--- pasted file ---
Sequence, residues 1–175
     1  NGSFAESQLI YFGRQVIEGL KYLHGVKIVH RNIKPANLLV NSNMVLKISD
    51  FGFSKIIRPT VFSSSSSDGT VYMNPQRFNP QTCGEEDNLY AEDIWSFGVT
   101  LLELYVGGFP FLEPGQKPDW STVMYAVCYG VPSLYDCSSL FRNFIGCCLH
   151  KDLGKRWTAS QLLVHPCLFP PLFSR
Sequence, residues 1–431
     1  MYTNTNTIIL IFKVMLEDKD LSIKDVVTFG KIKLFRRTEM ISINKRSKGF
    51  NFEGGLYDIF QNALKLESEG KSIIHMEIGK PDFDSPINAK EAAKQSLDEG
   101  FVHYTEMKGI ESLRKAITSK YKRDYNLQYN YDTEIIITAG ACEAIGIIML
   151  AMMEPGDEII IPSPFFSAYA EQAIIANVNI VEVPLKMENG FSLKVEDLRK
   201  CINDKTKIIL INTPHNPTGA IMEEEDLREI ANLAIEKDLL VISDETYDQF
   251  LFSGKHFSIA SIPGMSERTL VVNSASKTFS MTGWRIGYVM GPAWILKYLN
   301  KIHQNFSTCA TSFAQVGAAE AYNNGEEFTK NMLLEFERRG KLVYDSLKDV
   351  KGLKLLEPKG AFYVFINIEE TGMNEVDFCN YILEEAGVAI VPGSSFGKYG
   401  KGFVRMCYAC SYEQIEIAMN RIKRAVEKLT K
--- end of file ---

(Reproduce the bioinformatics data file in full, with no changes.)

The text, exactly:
Sequence, residues 1–175
     1  NGSFAESQLI YFGRQVIEGL KYLHGVKIVH RNIKPANLLV NSNMVLKISD
    51  FGFSKIIRPT VFSSSSSDGT VYMNPQRFNP QTCGEEDNLY AEDIWSFGVT
   101  LLELYVGGFP FLEPGQKPDW STVMYAVCYG VPSLYDCSSL FRNFIGCCLH
   151  KDLGKRWTAS QLLVHPCLFP PLFSR
Sequence, residues 1–431
     1  MYTNTNTIIL IFKVMLEDKD LSIKDVVTFG KIKLFRRTEM ISINKRSKGF
    51  NFEGGLYDIF QNALKLESEG KSIIHMEIGK PDFDSPINAK EAAKQSLDEG
   101  FVHYTEMKGI ESLRKAITSK YKRDYNLQYN YDTEIIITAG ACEAIGIIML
   151  AMMEPGDEII IPSPFFSAYA EQAIIANVNI VEVPLKMENG FSLKVEDLRK
   201  CINDKTKIIL INTPHNPTGA IMEEEDLREI ANLAIEKDLL VISDETYDQF
   251  LFSGKHFSIA SIPGMSERTL VVNSASKTFS MTGWRIGYVM GPAWILKYLN
   301  KIHQNFSTCA TSFAQVGAAE AYNNGEEFTK NMLLEFERRG KLVYDSLKDV
   351  KGLKLLEPKG AFYVFINIEE TGMNEVDFCN YILEEAGVAI VPGSSFGKYG
   401  KGFVRMCYAC SYEQIEIAMN RIKRAVEKLT K